While this seems solid on it’s face, we don’t know what the future landscape will look like. What if climate change brings about massive destruction of homo sapiens? We need to be careful about how and why we explore both the adjacent possible as well as the distant possible. One day we may need them and our current local maximum may not serve us well.
August 29, 2018 at 10:10AM

anomie  

I feel like this word captures very well the exact era of Trumpian Republicanism in which we find ourselves living.
August 29, 2018 at 10:37AM

After the war, it seemed to most people that German fascism as well as its other European and Asian variants were bound to self-destruct. There was no material reason why new fascist movements could not have sprung up again after the war in other locales, but for the fact that expansionist ultranationalism, with its promise of unending conflict leading to disastrous military defeat, had completely lost its appeal. The ruins of the Reich chancellery as well as the atomic bombs dropped on Hiroshima and Nagasaki killed this ideology on the level of consciousness as well as materially, and all of the pro-fascist movements spawned by the German and Japanese examples like the Peronist movement in Argentina or Subhas Chandra Bose’s Indian National Army withered after the war.  

And yet somehow we see these movements anew in America and around the world. What is the difference between then and now?
August 29, 2018 at 11:46AM

This is not to say that there are not rich people and poor people in the United States, or that the gap between them has not grown in recent years. But the root causes of economic inequality do not have to do with the underlying legal and social structure of our society, which remains fundamentally egalitarian and moderately redistributionist, so much as with the cultural and social characteristics of the groups that make it up, which are in turn the historical legacy of premodern conditions.  

August 29, 2018 at 11:47AM

But those who believe that the future must inevitably be socialist tend to be very old, or very marginal to the real political discourse of their societies.  

and then there are the millennials…
August 29, 2018 at 11:51AM

Beginning with the famous third plenum of the Tenth Central Committee in 1978, the Chinese Communist party set about decollectivizing agriculture for the 800 million Chinese who still lived in the countryside. The role of the state in agriculture was reduced to that of a tax collector, while production of consumer goods was sharply increased in order to give peasants a taste of the universal homogenous state and thereby an incentive to work. The reform doubled Chinese grain output in only five years, and in the process created for Deng Xiaoping a solid political base from which he was able to extend the reform to other parts of the economy. Economic Statistics do not begin to describe the dynamism, initiative, and openness evident in China since the reform began.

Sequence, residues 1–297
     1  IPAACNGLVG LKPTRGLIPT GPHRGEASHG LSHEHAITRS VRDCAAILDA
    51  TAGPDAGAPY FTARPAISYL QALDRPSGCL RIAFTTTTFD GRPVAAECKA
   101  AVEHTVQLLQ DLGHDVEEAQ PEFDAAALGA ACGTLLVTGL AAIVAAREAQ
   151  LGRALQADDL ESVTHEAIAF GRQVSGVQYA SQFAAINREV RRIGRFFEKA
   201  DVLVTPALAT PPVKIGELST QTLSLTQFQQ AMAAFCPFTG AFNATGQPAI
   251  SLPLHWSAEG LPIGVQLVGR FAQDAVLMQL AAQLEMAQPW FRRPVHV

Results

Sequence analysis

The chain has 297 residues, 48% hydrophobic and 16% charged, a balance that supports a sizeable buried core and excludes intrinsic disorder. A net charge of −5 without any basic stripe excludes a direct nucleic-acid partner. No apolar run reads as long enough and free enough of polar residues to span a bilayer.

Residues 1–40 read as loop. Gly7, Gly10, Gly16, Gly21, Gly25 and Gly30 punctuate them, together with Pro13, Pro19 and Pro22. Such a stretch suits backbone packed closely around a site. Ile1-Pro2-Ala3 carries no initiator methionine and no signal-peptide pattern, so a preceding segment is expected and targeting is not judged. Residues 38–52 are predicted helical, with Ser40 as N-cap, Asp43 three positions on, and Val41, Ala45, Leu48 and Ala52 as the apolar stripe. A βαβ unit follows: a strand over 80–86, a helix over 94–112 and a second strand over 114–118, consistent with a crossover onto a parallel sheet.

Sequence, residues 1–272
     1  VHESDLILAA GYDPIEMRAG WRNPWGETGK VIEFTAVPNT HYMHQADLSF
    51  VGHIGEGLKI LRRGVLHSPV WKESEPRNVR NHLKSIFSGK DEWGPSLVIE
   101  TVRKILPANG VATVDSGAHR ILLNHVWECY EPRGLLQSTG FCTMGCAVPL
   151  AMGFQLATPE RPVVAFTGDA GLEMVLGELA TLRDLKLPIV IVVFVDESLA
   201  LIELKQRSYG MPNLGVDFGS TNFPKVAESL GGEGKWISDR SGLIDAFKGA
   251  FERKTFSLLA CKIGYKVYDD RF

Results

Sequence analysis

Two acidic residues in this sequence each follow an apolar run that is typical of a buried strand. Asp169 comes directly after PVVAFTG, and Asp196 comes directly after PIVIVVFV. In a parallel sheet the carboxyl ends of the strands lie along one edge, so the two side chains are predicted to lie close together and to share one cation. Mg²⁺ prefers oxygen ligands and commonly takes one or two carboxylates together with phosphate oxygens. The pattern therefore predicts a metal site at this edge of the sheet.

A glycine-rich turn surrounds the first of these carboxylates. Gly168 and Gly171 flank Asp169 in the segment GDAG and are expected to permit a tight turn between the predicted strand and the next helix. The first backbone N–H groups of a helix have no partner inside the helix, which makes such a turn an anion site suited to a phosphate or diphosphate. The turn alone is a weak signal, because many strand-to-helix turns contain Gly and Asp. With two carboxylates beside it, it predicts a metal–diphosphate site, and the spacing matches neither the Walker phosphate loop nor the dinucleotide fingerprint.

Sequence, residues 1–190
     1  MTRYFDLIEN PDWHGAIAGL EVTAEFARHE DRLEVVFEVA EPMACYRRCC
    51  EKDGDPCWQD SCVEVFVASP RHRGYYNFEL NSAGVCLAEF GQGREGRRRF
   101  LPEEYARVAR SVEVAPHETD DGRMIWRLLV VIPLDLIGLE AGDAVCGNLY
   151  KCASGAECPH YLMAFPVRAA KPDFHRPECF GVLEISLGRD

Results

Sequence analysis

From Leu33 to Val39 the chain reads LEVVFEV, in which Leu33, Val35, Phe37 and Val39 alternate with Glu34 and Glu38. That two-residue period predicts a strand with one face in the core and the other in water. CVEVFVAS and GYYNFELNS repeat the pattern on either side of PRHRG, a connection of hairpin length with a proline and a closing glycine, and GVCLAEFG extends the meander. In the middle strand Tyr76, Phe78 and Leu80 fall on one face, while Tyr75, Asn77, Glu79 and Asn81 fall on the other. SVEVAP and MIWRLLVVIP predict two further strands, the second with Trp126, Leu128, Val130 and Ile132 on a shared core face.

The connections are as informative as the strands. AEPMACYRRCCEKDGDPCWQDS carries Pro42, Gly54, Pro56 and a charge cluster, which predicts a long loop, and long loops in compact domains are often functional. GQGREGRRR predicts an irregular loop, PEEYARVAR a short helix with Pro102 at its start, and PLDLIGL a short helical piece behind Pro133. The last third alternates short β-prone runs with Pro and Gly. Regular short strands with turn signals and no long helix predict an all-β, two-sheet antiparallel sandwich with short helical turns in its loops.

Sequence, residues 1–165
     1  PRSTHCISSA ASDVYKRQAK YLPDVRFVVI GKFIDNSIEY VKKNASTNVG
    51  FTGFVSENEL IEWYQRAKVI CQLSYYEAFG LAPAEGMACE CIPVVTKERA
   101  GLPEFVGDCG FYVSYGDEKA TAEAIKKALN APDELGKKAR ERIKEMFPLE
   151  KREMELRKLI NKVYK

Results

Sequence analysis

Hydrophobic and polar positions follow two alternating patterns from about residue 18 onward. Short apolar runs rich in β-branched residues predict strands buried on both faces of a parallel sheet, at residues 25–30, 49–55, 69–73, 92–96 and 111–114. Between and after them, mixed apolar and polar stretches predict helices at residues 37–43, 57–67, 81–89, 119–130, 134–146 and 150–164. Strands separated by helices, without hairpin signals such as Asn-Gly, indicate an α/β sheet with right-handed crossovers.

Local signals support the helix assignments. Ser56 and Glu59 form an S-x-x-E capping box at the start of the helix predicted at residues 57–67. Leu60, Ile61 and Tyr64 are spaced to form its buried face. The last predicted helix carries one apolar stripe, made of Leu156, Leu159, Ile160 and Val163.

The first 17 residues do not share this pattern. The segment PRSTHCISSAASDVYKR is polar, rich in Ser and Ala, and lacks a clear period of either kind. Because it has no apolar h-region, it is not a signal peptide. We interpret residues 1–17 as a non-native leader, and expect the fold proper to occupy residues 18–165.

August 29, 2018 at 11:58AM

At present, no more than 20 percent of its economy has been marketized, and most importantly it continues to be ruled by a self-appointed Communist party which has given no hint of wanting to devolve power.  

If Facebook were to continue to evolve at it’s current rate and with it’s potential power as well as political influence, I could see it attempting to work the way China does in a new political regime.
August 29, 2018 at 12:04PM

IF WE ADMIT for the moment that the fascist and communist challenges to liberalism are dead, are there any other ideological competitors left? Or put another way, are there contradictions in liberal society beyond that of class that are not resolvable? Two possibilities suggest themselves, those of religion and nationalism.  

August 29, 2018 at 12:19PM

This school in effect applies a Hobbesian view of politics to international relations, and assumes that aggression and insecurity are universal characteristics of human societies rather than the product of specific historical circumstances.  

August 29, 2018 at 12:30PM

But whatever the particular ideological basis, every “developed” country believed in the acceptability of higher civilizations ruling lower ones  

August 29, 2018 at 12:37PM

Perhaps this very prospect of centuries of boredom at the end of history will serve to get history started once again.  

Has it started again with nationalism, racism, and Trump?
August 29, 2018 at 12:48PM

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🔖 The End of History? by Francis Fukuyama

Bookmarked The End of History? by Francis Fukuyama (The National Interest | No. 16 (Summer 1989), pp. 3-18)
IN WATCHING the flow of events over the past decade or so, it is hard to avoid the feeling that something very fundamental has happened in world history. The past year has seen a flood of articles commemorating the end of the Cold War, and the fact that "peace" seems to be breaking out in many regions of the world. Most of these analyses lack any larger conceptual framework for distinguishing between what is essential and what is contingent or accidental in world history, and are predictably superficial. If Mr. Gorbachev were ousted from the Kremlin or a new Ayatollah proclaimed the millennium from a desolate Middle Eastern capital, these same commentators would scramble to announce the rebirth of a new era of conflict.